Do you have any idea how many stances there are?
I will mention several diffenent stances that exist in Wado Kata and basic training in this article. The explanation will be mostly aimed at the exact posture. You can think about the position and direction of the feet, as well as the weight distribution. Stuff such as the cause, function and applications will not be mentioned in this blog.
I categorised the stances into four groups.
The first group are the sideway basic stances, where the feet point either inside, outside or straight forward.
1. Heisoku dachi:
Heels touching, feet closed. Keep your body straight and distribute your weight 50/50. This weightdistribution applies to all stances of this category.
2. Musubi dachi:
Heels touching, feet opened in an angle of (about) 60 degrees. Some styles use a standerd of 90 degrees.
3. Shizentai dachi:
One foot space between the heels, roundabout hip width. Feet point in an angle of 2x 30 = 60 degrees, similar to Musubi dachi.
4. Jigotai dachi:
One shin length between the heels. You could see this as a wider version of Shizentai. Jigotai can be found in Kunshanku and Bassai.
5. Naihanchi dachi:
One shin length plus one to one and a half fist between the heels. Feet should piont inside. Bend you knees slightly.
6. Shiko dachi:
One shin length plus one to one and a half fist between the heels. Feet point outside. Legs should be bent with the knee above the ankle.
7. Han shiko dachi:
Han shiko dachi is similar to Shiko dachi, although the stance is slightly smaller. This stance can be found in Chinto.
The second group are the forward basic stances, where the inside of the foot or the edge of the heel point straight forward.
8. Shomen Shizentai (Migi and Hidari Shizentai)
This stance is used for practicing Tobikomizuki and Tobikomi-Nagashizuki. One foot is just in front of the other, roughly a fist length.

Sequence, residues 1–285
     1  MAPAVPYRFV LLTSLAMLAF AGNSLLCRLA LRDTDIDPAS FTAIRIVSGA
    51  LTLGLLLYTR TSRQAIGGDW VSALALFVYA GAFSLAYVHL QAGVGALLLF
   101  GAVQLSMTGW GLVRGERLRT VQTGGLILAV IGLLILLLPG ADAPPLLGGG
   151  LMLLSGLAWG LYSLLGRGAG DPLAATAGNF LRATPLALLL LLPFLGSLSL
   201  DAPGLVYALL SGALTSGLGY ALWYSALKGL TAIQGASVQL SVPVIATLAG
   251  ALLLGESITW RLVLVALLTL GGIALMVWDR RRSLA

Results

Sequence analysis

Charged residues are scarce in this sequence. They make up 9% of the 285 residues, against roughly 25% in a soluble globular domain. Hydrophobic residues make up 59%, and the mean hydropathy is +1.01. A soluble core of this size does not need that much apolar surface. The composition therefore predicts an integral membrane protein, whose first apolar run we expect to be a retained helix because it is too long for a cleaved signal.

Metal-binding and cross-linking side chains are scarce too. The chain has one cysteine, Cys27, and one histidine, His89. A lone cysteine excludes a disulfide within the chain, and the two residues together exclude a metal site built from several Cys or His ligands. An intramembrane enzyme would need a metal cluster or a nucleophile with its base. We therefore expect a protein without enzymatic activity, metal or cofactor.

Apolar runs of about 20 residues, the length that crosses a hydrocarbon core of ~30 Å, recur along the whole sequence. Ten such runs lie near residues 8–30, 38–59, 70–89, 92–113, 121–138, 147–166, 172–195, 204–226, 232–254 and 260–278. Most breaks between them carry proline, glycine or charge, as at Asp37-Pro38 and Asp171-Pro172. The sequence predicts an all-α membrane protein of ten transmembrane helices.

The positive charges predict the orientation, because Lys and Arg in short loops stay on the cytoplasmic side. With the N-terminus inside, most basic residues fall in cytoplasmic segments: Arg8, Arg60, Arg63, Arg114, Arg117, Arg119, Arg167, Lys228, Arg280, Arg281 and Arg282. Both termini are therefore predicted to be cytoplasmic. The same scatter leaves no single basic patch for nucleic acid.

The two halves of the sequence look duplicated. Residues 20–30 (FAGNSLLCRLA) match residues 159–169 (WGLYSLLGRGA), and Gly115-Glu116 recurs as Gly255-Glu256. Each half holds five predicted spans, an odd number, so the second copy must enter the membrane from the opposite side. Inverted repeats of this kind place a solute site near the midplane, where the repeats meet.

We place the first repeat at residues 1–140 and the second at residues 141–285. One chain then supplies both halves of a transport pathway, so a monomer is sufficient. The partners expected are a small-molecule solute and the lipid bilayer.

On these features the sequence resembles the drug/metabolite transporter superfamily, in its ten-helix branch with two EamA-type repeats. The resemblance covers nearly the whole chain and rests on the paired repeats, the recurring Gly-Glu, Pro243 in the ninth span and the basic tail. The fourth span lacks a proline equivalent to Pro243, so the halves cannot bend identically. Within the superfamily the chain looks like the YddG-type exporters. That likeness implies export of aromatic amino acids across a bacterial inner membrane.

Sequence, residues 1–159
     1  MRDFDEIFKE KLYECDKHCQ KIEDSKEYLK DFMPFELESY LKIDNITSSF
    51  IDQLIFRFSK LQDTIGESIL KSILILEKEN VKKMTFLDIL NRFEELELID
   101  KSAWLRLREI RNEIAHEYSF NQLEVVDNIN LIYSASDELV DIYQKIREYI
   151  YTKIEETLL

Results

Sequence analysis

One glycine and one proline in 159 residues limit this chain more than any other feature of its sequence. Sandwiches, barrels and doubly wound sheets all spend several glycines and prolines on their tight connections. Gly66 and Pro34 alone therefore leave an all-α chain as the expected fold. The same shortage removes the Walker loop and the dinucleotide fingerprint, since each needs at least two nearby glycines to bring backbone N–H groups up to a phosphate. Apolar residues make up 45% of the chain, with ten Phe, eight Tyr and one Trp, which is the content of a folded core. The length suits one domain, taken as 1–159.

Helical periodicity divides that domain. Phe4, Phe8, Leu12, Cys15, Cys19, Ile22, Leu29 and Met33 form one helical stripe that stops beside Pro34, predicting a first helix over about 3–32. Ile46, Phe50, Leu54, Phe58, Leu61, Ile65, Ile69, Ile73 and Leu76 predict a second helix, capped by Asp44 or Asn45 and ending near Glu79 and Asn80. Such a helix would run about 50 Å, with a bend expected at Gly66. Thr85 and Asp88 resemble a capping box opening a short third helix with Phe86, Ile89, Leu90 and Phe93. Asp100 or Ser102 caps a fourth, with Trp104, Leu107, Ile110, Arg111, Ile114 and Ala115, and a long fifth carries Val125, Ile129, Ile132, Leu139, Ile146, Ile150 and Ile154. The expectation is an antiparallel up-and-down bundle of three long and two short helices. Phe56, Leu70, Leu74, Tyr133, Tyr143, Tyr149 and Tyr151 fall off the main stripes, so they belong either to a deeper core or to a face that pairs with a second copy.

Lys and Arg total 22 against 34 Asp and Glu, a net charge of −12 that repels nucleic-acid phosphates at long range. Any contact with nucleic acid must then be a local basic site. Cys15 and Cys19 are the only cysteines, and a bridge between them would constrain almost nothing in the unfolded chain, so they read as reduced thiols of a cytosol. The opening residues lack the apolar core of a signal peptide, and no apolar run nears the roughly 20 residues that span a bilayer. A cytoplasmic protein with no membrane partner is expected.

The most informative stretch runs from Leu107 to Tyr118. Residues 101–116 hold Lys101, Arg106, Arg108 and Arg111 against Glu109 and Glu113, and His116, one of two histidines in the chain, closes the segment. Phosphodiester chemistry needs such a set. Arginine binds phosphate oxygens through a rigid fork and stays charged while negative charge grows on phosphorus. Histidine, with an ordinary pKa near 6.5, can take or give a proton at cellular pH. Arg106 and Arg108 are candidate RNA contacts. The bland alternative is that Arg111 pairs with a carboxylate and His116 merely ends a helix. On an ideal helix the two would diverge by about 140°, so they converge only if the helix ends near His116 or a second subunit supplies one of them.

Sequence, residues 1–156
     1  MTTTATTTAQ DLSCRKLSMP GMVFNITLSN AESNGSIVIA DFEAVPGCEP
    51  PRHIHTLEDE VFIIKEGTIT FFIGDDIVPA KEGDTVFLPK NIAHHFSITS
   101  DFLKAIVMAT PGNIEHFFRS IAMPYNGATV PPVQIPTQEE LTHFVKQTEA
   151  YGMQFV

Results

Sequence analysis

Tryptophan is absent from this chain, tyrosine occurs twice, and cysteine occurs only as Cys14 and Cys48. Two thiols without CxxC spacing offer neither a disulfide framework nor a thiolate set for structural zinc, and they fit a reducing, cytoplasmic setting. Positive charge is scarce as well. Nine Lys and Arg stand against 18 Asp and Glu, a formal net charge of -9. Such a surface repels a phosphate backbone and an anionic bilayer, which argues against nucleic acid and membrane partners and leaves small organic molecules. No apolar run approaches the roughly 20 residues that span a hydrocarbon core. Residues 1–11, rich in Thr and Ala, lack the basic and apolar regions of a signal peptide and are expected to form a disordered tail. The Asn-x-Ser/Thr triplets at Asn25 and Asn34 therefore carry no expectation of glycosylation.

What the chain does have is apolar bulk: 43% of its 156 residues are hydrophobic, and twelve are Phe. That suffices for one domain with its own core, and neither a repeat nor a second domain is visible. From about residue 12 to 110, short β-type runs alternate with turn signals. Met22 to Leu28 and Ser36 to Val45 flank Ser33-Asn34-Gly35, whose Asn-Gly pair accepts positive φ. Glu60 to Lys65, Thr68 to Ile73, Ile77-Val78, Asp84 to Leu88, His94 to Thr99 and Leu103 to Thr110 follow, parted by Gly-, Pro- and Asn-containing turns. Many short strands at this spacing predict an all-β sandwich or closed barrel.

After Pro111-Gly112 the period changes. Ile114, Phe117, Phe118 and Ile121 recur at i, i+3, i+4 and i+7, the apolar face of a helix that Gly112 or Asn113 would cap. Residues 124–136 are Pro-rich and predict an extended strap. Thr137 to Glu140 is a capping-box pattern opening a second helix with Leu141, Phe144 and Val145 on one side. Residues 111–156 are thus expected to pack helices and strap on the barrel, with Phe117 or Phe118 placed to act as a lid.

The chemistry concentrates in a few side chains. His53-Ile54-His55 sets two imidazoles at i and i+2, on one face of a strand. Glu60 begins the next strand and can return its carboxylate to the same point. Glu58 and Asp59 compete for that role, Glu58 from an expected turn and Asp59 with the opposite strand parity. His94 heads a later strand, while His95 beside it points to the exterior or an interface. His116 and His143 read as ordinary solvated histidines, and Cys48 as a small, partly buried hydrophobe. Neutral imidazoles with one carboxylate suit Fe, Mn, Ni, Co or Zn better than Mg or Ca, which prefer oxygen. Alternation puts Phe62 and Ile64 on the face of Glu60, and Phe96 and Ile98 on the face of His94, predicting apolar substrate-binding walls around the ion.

9. Hanmi Shizentai:
Some instructors use Hanmi instead of Shomen shizentai for Tobikomi and Tobikomi-Nagashizuki. The stance is virtually the same, except for the position of the hip, which is angled or in other words, Hanmi.
10. Moto dachi.
Moto dachi is equal to Junzuki dachi, but it is a shorter stance. This stance is from Shito Ryu and is found in Bassai (movement 2,3,4 and 5) and in Niseishi (movement 1 till 5).
11. Junzuki dachi
Junzuki dachi is the stance which is used to practice Junzuki. The inside of the front foot should point straight forward (front knee bent), while the back foot points diagonally forward (back leg virtually stretched). It is important that the knee of your back leg is not collapsed. Although the weight distribution is formally 50/50, for beginners it is advised to use 60/40. 60/40 is also probably the consequence of your movement.
12. Gyakuzuki dachi
This stance is a bit shorter and wider than Junzuki dachi. An essential difference is the direction of the front foot, which is slightly inside because the line of the heel has to point straight forward.
13. Junzuki no tsukkomi dachi
Junzuki no Tsukkomi dachi is a stance that is executed almost on a straight line. The inside of the front foot should point straight forward and the back foot completely to the side.
14. Gyakuzuki no tsukkomi dachi
This variation of Gyakuzuki uses a very wide stance (toes back foot aligned with heel front foot), with the weight more towards the front foot. The keypoint is to push the hip forward sufficiently and keep the body straight.
15. Nagashizuki dachi
Nagashizuki dachi is virtually equal to Kokutsu dachi, with the essential difference that this stance has to be classified and a forward stance. Futhermore, it has to do with the level of the Karateka wether Kokutsu dachi and Nagashizuki dachi are equal to one another. For beginners, the back foot will point less to the outside (angle compared to hipjoint).
16. Yoko Seishan dachi
There are two variations of Seishan dachi, there is Yoko seishan dachi, the sideway variation and Tate seishan dachi. With Yoko seishan dachi, both feet should point slightly inside (line of the heels straight forward) and both legs should be slightly bent. The weightdistribution should be 50/50.
17. Tate Seishan dachi